Chinese actress Jiang Mengjie has been praised for sharing she was the victim of upskirting and was blackmailed over footage that circulated of her.
Upskirting – involving a device such as a camera phone to take explicit images underneath a victim’s clothing without permission – often goes undetected.
Jiang Mengjie told her eight million followers on social network Weibo the video had been filmed “many years ago”.
She found out after her staff spotted comments about the footage online.
Jiang commented that a friend had subsequently sent her a video, leaving her feeling “angry and disgusted, along with a feeling of powerlessness”.
‘Not Our Fault’
“Some web users have told me that videos have been posted to many groups… and the number of views has exceeded one million,” she said.
Jiang further revealed that she had begun receiving private messages blackmailing her over the footage “saying that they would send the video to major film and TV companies and brands, and ruin the rest of my life”.
She said that she contacted the police, who have informed her the suspect who blackmailed her has been detained, and she would be “notified in time of their punishment”.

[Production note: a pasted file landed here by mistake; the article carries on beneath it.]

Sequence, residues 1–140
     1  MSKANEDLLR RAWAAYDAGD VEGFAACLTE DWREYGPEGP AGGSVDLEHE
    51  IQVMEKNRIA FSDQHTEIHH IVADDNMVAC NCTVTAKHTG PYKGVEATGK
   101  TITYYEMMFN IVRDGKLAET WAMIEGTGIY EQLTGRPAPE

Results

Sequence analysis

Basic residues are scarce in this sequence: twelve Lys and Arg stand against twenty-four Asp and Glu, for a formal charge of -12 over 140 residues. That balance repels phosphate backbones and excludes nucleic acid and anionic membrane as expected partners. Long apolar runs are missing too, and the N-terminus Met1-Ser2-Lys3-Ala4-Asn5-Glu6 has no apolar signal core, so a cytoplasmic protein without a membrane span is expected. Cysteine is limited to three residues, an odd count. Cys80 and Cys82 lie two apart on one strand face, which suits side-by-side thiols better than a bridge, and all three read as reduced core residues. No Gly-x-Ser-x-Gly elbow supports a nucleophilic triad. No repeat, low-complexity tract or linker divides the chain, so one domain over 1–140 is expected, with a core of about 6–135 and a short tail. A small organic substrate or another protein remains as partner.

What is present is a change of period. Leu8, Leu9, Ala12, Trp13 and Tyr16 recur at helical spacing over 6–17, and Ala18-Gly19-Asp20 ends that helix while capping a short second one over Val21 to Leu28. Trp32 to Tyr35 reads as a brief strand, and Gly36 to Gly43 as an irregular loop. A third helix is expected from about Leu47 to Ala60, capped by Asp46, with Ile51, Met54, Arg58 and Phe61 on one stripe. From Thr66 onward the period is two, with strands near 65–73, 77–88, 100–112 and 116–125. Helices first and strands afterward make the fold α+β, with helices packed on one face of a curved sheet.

She told her followers: “as a public figure, maybe I can make more people pay attention to such vicious incidents by taking a stand.
“It is not our fault that we have been secretly photographed. Our lives should not be affected by this kind of thing.”
‘Sisters Should Not Suffer in Silence’
Jiang Mengjie has won huge praise for telling her story online. Her post has been a viral talking point on Weibo, with Wednesday’s posts on the story receiving over 500 million reads. Her post on Weibo has received over 600,000 likes.
Many have commended her for speaking out, and have condemned the “arrogance” of her blackmailer, and his “perverted” behaviour.
“He should be ashamed… why does he think he can ruin someone for the rest of her life?” says one user, receiving over 25,000 likes.
“You are really brave,” another user says, and another adds: “Sisters should not suffer in silence when they encounter such a thing.”
Some have observed, however, that Jiang’s position in the public eye means that video that has circulated beyond her control may leave her feeling “persecuted”.
Many users have urged other women to “take up their legal weapons” and have criticised notions of “victim-blaming”.
The Sixth Tone news website said in 2020 that upskirting and voyeurism is a “common concern among women in China, as there are no laws prohibiting the sale of hidden cameras”.
Secretly filming others has generally resulted in sentences no longer than 10 days, meaning that many Chinese women had “started wearing an additional layer of clothing to deter judgmental comments and would-be voyeurs”.
Source : BBC News